Do Franchisees Have to Take Part in a Franchisor's Promos?

Author: BeTheBoss.ca

Date: APR 20th, 2019

Topic: Industry Experts


Marketing is a crucial part of any Canadian franchise system, and it's just as important to franchisors as it is to franchisees. As a new franchisee, you will want to know what promotional programs your franchisor has in place and how they will impact your bottom line because it's likely you will have to take part in all of them. Therefore, it's vital to learn about these programs by speaking to current franchisees and reviewing the disclosure document you received from the franchisor.

 

Not participating, even if you believe the program is terrible, tends to carry a lot of downsides. You could suffer reputation damage and loss of customer goodwill, since even when a campaign states "at participating locations," people usually assume it's available at every single location. When they show up to yours and don't see the advertised offer, they're going to leave unhappy.

 

On top of that, not taking part in a promo could be a breach of the franchise agreement you signed. Many franchise agreements state franchisees have to cooperate with and participate in that franchisor's local, regional and national sales promotions and ad campaigns. The franchise agreement may also fully set out what this will include, such as discounts, and who is responsible for any costs associated with these promotions.

 

Last but certainly not least, there are laws in Canada that focus on preventing misleading ads. Not honoring advertised offers or trying to make additional money off of services that were advertised as free can leave both the franchisor and franchisee open to liability. The Competition Act, for example, makes it illegal for anyone to recklessly or knowingly make a representation to the public that is substantially false or misleading. There are civil penalties in the act as well, which can require paying penalties and restitution to affected customers.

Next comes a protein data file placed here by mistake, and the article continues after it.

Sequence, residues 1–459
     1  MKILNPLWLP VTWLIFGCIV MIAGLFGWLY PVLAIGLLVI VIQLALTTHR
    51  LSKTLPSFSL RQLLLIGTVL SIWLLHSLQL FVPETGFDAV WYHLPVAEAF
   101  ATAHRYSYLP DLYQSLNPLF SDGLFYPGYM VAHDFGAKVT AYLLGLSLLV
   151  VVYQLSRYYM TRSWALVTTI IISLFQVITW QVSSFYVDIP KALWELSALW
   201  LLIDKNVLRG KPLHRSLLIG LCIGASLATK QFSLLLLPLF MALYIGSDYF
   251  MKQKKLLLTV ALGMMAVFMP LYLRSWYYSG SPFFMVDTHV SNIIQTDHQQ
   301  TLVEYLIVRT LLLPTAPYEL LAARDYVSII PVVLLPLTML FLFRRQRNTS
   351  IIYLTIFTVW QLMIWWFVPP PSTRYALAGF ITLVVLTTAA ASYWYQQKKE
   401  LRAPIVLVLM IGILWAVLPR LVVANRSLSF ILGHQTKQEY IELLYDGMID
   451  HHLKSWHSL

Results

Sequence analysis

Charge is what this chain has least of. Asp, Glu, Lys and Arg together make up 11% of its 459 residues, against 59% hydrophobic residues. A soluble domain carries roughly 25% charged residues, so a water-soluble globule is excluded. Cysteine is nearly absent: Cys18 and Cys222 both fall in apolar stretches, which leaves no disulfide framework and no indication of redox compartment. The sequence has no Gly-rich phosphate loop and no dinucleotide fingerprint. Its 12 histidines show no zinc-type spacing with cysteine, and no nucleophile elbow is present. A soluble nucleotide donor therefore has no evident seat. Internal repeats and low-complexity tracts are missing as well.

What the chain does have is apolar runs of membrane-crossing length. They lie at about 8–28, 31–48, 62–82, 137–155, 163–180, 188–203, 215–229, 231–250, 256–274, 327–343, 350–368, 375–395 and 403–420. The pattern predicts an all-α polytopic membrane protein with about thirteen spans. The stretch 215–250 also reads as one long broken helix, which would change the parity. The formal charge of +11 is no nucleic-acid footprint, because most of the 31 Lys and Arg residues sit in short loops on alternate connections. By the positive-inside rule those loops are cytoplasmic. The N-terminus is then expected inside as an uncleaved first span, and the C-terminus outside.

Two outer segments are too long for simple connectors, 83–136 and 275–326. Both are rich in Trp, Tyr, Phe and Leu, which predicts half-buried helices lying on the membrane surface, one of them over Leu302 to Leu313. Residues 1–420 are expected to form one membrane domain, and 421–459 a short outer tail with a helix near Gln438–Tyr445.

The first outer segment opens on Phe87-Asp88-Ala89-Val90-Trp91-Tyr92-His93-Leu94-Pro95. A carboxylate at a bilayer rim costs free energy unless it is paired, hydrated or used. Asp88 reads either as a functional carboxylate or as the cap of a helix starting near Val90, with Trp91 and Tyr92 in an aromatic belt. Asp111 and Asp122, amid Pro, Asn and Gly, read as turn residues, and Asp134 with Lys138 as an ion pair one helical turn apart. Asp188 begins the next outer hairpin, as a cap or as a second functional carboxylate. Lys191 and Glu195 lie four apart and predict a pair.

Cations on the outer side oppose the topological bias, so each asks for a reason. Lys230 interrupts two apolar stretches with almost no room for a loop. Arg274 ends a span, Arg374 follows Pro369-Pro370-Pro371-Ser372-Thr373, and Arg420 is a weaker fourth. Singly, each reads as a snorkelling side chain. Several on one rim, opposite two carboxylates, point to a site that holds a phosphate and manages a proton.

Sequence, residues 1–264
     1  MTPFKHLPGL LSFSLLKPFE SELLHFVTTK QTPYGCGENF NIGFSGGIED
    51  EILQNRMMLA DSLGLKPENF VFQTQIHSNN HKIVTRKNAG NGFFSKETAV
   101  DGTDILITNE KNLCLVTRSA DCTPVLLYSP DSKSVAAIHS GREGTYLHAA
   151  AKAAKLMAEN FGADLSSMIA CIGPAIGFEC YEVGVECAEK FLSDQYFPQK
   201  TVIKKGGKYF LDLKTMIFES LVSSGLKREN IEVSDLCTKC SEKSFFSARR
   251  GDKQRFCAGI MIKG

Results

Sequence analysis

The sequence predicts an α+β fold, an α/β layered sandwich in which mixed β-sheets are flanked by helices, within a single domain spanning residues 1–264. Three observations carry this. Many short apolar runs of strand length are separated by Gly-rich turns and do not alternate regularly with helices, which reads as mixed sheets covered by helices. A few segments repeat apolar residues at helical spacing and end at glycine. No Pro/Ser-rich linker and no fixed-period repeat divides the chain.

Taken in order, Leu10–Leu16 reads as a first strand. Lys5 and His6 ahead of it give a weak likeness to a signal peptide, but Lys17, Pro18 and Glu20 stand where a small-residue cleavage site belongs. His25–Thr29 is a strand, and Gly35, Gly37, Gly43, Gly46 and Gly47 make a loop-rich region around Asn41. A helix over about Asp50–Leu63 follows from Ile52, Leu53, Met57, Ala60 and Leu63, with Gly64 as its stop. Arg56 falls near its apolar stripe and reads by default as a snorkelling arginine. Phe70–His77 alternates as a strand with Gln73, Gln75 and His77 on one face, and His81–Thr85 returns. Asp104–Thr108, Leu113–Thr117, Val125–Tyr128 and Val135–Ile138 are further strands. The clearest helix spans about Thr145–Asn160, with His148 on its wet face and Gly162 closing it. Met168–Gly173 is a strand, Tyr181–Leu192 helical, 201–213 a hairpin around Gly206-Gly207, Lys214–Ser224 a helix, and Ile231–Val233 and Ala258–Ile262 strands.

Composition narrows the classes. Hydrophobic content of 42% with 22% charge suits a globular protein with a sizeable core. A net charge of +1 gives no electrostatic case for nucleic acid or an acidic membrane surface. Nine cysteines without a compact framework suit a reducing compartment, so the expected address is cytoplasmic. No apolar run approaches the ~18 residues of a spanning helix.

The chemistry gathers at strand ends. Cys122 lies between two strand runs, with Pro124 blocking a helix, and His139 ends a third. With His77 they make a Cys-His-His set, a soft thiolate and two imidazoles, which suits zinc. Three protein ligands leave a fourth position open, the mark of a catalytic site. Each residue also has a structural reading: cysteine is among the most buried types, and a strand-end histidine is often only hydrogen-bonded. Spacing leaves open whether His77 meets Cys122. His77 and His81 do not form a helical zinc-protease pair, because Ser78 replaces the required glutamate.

In addition to the county-wide Competition Act, many provinces have their own customer protection laws in place. In Ontario, for example, making deceptive, misleading or false representations to the public can result in damages owed to the customer.

 

A franchise system is essentially built around its brand, and everyone in that system will thrive when brand recognition is both favorable and strong. The value of your ad dollars can disappear quickly when promises made in promotions are not honored, so you need to really consider the promo programs your franchisor uses before you join their system.